The American Spectator reports that:

During last Thursday’s GOP presidential debate, Herman Cain told the audience that he’d be dead if Obamacare had been in effect when he was diagnosed with colon and liver cancer in the spring of 2006. Cain has often made this statement on the campaign trail, so the moderator asked him to elaborate. Cain answered by pointing out that “from March 2006 all the way to the end of 2006, for that number of months, I was able to get the necessary CT scans, go to the necessary doctors, get a second opinion, get chemotherapy… go to get surgery, recuperate from surgery, get more chemotherapy in a span of nine months.” He went on to suggest that, under Obamacare and its bureaucratic red tape, his diagnosis and treatment would have unfolded far more slowly and that probably would have been fatal.


In the British NHS system, you will experience all the delays and denials that bureaucrats build into health care and you may well die. This Doctor’s experience is all too typical:

I insisted on an MRI scan, but my consultant said the NHS could only afford to do one without contrast, which is less sensitive than one with contrast.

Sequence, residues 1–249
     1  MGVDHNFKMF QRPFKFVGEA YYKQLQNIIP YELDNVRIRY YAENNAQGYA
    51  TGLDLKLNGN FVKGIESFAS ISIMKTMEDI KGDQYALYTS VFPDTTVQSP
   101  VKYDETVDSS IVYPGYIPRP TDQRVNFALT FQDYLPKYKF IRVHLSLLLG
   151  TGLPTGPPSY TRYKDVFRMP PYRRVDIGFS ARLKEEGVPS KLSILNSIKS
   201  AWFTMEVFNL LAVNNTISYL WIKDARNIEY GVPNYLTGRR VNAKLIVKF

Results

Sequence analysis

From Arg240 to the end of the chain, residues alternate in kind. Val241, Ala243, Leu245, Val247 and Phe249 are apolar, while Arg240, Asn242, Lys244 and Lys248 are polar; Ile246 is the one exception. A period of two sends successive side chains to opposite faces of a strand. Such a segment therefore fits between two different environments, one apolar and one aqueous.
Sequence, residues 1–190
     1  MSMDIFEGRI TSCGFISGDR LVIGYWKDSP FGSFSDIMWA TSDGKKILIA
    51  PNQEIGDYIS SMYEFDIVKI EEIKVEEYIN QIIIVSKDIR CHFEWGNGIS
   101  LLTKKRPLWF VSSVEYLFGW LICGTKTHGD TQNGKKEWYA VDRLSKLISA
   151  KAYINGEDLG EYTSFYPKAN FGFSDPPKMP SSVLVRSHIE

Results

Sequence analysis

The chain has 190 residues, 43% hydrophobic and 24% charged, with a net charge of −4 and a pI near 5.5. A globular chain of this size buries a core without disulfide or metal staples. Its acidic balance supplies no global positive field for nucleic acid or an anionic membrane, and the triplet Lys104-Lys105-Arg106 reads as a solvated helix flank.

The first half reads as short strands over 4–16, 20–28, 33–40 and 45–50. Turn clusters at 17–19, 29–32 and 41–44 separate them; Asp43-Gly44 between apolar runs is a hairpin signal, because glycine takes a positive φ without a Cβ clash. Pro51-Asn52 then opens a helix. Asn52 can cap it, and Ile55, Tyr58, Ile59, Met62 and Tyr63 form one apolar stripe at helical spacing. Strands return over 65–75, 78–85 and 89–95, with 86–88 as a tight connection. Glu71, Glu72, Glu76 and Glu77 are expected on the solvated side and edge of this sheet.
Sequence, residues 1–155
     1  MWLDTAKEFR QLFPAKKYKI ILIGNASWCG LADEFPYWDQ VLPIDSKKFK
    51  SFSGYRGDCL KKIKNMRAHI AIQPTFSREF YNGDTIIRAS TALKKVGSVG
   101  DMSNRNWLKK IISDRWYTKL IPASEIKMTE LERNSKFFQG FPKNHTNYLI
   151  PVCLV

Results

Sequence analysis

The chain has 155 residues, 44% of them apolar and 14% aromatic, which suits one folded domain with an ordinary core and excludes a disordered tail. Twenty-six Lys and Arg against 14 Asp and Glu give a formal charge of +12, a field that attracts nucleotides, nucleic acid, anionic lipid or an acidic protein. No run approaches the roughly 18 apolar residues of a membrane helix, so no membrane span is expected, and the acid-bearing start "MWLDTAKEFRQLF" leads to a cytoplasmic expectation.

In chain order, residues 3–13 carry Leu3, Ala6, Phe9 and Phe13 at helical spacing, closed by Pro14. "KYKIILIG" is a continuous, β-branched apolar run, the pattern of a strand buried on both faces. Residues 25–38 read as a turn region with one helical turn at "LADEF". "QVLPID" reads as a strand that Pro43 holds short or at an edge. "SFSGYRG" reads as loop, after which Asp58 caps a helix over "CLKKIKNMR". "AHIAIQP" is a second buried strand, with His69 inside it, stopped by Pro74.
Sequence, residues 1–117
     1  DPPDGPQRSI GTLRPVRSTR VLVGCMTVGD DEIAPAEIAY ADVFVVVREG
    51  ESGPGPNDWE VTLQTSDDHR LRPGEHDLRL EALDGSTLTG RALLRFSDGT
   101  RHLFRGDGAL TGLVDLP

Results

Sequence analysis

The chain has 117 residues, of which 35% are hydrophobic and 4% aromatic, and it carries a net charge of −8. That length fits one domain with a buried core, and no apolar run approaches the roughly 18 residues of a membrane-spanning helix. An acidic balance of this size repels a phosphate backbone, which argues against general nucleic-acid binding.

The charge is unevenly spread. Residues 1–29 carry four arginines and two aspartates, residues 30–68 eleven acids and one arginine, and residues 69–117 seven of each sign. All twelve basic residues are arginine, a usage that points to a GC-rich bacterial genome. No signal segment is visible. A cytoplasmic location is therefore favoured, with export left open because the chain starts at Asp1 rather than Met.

So, for the first time in my life, I went private. I got the results in September 2008 — they were clear. Finally I could start to live again.

But six months later, a second scan showed exactly what I’d feared: a 4mm tumour was growing on my liver.

A third scan in August, this time on the NHS, showed it had grown to 9mm.

If I’d stayed on the NHS and hadn’t had those scans, I’d have been months from death without knowing. Instead, the tumour had been picked up while it was still small enough to be removed with surgery.

However, the news got worse. The soonest the NHS could offer a date for an operation was six weeks away. An aggressive tumour could double in that time. So again I went private and paid £20,000 to have three small tumours removed from my liver.

I’d worked in the NHS all my life — and yes, I felt guilty. But being a patient made me see things differently. I felt alone, uncared for, and forced to make things happen myself.

I became acutely aware of the many patients out there who were suffering as I was, given no options. I confided in my colleagues at the surgery — they understood completely, and said they wouldn’t wait either.

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Obamacare promises the same level of care.